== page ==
Perspectives: Coverage Of Pre-Existing Conditions … Definitely Confusing; Examining The Health Law’s Subsidies
Opinion writers consider what's behind the current buzz words in the debate over the Affordable Care Act's future.
The Wall Street Journal:
Insurance coverage for pre-existing health conditions can be confusing, as President Trump and a journalist showed in a television interview over the weekend. Allow us to explain how the GOP reform would work in practice and why pre-existing conditions have been exaggerated as a political problem. Mr. Trump told CBS ’s John Dickerson that “I watch some of the news reports, which are so unfair, and they say we don’t cover pre-existing conditions, we cover it beautifully.” Mr. Dickerson seemed surprised: “Okay. Well, that’s a development, sir. So you’re saying it’s going to be pre-existing to everybody?” Mr. Trump said the House bill had “evolved” but as usual didn’t explain how. (5/1)
The Washington Post:
Does The President Know What’s In The Republican Health-Care Bill? And Does It Matter?
In the flurry of interviews before President Trump's 100th day in office, one of the remarks that stood out most for me did not come from Trump himself. It was a quick paraphrase in the middle of the Washington Examiner's recap of a Trump interviews on health care. After writing about Trump's criticism of the Affordable Care Act, reporter Sarah Westwood described how Trump talked about the American Health Care Act, which Republicans are trying to resurrect for a vote this week. “He extolled the legislation's virtues,” Westwood wrote. (David Weigel, 5/1)
The Washington Post:
Trump’s Nifty Plan To Spend More And Hurt Poor People More — At The Same Time!
Who says President Trump isn’t a policy genius? He’s figured out a clever way to spend more government money just to stick it to poor people. His innovation has to do with the intricate interplay of Affordable Care Act subsidies. (Catherine Rampell, 5/1)
How CSRs Could Upend Health Care
Despite affecting as many 7 million people, cost-sharing reduction subsidies are often-ignored components of the Affordable Care Act. While premium tax credits get most of the headlines, CSRs are what stand between millions of Americans and their health care — not to mention the decisions by insurance providers whether to participate in the 2018 marketplace. The possibility of eliminating CSRs is a real threat to President Barack Obama’s healthcare legacy. (Ipsita Smolinski, 5/2)
Obamacare Repeal Can’t Ignore Price Controls
The failure of the American Health Care Act (AHCA), the planned replacement for the Affordable Care Act (ACA), was the first major legislative defeat for President Trump. Critics dubbed the AHCA “Obamacare Lite” for its many market-limiting provisions that would have discouraged improvements in health care while leaving healthy Americans with higher costs—and most everyone with fewer options. Now Republicans in Congress are considering the MacArthur-Meadows amendment to allow states to apply for opt-out waivers for some Obamacare rules, including mandated benefits and required community rating. (Tracy Miller, 5/2)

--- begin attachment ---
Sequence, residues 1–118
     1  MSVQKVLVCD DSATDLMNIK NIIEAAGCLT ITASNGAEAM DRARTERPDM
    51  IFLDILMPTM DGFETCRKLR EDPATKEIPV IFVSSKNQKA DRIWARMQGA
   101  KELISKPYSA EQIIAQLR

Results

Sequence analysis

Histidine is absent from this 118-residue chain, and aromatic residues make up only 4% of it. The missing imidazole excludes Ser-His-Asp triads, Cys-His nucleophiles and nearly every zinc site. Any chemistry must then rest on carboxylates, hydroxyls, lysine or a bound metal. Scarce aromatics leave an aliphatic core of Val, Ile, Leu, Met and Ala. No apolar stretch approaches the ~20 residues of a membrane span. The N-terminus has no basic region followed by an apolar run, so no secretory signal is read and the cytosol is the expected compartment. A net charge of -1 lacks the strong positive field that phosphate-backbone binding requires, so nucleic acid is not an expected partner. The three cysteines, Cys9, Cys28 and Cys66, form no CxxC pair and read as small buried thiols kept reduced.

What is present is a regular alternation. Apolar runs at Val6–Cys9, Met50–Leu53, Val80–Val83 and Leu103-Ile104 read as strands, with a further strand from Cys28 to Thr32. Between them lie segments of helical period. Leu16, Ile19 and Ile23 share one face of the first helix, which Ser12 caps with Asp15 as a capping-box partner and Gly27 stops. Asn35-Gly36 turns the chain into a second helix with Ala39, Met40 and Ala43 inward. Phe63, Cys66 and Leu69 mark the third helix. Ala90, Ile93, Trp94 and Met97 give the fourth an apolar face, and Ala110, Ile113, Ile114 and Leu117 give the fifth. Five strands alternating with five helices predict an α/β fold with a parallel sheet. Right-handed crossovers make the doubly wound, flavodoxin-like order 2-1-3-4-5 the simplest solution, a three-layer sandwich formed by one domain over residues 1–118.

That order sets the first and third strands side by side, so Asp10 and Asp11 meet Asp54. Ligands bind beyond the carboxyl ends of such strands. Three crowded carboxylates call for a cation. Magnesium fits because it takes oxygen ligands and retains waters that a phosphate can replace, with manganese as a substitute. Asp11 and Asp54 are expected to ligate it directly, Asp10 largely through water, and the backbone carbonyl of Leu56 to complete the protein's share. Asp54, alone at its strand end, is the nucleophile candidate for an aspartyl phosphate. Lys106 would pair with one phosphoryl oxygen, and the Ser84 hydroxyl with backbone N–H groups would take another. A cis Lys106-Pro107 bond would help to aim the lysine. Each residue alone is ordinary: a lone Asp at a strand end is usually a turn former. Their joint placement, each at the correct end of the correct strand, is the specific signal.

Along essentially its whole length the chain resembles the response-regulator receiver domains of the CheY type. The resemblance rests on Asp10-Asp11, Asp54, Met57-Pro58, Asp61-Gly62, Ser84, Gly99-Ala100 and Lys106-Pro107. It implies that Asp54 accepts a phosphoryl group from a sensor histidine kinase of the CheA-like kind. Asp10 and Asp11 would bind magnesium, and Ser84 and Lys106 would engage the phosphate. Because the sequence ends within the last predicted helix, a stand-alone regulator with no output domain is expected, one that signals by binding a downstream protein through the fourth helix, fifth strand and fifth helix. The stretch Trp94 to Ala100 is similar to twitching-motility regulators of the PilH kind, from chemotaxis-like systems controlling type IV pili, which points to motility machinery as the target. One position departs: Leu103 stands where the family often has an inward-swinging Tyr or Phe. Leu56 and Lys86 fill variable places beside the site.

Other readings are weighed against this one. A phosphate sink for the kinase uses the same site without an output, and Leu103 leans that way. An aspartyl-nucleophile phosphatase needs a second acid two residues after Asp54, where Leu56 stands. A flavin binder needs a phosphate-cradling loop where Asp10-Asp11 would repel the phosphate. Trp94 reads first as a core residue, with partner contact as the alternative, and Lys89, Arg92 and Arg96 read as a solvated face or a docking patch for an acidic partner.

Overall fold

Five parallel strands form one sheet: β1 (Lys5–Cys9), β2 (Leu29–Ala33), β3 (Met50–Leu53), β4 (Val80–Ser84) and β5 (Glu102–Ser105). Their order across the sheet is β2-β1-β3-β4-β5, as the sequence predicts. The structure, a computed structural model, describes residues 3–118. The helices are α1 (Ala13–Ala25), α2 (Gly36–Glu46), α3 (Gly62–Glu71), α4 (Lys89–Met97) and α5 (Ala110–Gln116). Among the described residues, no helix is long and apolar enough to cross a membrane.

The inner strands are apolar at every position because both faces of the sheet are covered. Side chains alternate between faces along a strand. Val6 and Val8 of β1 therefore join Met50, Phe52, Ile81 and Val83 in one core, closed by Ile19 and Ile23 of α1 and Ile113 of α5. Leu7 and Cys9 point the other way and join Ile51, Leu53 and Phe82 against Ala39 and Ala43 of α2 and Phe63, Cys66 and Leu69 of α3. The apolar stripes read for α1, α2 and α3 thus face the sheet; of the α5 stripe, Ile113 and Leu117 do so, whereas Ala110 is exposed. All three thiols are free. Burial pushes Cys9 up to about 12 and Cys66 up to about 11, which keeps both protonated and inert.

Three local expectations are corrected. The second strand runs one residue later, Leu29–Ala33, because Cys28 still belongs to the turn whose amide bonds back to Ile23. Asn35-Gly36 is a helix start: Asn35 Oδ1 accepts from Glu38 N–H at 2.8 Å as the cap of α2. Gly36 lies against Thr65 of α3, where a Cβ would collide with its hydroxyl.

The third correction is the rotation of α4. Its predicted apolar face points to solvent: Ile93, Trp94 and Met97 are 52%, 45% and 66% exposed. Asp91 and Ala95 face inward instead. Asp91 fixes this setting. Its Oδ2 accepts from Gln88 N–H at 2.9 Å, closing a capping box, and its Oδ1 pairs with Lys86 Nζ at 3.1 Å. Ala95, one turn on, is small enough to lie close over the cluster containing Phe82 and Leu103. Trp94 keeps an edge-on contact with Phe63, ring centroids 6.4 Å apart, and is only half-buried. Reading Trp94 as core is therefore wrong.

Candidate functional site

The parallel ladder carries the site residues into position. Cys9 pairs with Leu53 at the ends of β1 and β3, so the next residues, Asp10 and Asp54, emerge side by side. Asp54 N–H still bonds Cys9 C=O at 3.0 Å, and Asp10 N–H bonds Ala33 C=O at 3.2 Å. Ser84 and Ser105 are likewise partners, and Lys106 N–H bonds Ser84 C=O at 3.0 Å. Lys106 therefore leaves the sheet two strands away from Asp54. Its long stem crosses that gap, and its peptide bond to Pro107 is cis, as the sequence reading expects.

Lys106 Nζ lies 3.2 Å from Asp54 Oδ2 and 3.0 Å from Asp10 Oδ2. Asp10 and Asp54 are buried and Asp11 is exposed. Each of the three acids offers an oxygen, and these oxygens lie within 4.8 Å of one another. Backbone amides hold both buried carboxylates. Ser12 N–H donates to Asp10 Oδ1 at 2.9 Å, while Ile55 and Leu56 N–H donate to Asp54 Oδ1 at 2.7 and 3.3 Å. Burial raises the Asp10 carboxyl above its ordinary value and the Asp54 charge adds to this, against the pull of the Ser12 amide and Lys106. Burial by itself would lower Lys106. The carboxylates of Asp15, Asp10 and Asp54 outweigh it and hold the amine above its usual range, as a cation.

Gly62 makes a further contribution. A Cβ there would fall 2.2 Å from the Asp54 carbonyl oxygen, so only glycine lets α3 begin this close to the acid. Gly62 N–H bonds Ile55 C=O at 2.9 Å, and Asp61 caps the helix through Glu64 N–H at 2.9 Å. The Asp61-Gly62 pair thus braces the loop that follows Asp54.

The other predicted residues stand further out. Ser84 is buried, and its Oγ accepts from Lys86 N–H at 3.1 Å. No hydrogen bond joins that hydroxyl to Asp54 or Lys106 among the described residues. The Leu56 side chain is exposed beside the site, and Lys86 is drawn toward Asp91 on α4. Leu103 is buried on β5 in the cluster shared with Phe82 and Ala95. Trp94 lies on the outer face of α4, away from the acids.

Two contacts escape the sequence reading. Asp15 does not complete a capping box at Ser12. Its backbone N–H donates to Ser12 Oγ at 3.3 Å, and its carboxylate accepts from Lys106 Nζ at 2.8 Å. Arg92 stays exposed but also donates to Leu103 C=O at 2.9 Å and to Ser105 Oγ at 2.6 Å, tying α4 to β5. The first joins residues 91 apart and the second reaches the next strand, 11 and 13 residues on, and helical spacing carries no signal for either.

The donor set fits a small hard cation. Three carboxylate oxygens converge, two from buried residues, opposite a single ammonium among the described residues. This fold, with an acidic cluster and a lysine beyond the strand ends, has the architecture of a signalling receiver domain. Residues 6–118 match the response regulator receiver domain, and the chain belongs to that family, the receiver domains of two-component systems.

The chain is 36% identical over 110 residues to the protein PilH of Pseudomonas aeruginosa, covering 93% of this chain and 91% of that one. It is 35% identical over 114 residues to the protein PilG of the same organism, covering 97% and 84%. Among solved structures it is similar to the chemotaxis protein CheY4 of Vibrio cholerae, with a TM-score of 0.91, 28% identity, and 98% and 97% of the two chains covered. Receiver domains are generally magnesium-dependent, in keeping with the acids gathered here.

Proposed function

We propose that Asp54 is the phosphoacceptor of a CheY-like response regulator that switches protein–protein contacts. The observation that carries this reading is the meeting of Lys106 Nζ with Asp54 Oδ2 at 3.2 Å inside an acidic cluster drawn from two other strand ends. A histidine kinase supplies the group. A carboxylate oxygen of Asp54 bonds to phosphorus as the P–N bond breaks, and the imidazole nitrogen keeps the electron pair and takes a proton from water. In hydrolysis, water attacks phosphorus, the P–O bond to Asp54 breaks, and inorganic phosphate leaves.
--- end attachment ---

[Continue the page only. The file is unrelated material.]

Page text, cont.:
Trump Dismantling Policies Of The Progressive Era: The New Deal And The Great Society
Even though a budget measure must be passed before the end of the month to avert a federal government shutdown, Congress is seeking to revive its efforts to end Obamacare, despite the opposition of much of the country. It’s easy to get agitated about any one of these issues. Yet an even larger problem looms, and it deserves our full attention. (Allan Winkler, 5/1)
St. Louis Post-Dispatch:
Trump Has It Backward On House Health Care Bill
The U.S. House of Representatives could vote on its latest version of the American Health Care Act as early as Wednesday. Before that happens, someone should tell President Donald Trump that the bill doesn’t do what he thinks it does. In an interview on “Face the Nation” on Sunday, Trump had key details of the bill completely wrong. Asked by host John Dickerson how the bill would help his supporters, Trump said: “Pre-existing conditions are in the bill … I mandated it. I said, ‘Has to be.’” (5/1)
Will Congress Exempt Itself From Trumpcare?
According to the Center for Responsive Politics, more than half of the members of Congress are millionaires. More than a few of them are millionaires many, many times over. They have no worries about health care or anything else. (EJ Montini, 5/1)
Facility Fees Are Ruining Quality Care
The Affordable Care Act Medicaid expansion resulted in unanticipated negative consequences for many patients and physicians in rural, underserved or medically isolated communities across America. Consolidation of health care entities was financially incentivized by the ACA, and slowly my beloved corner of the Pacific Northwest is becoming a medical wasteland.. (Niran S. Al-Agba, 5/1)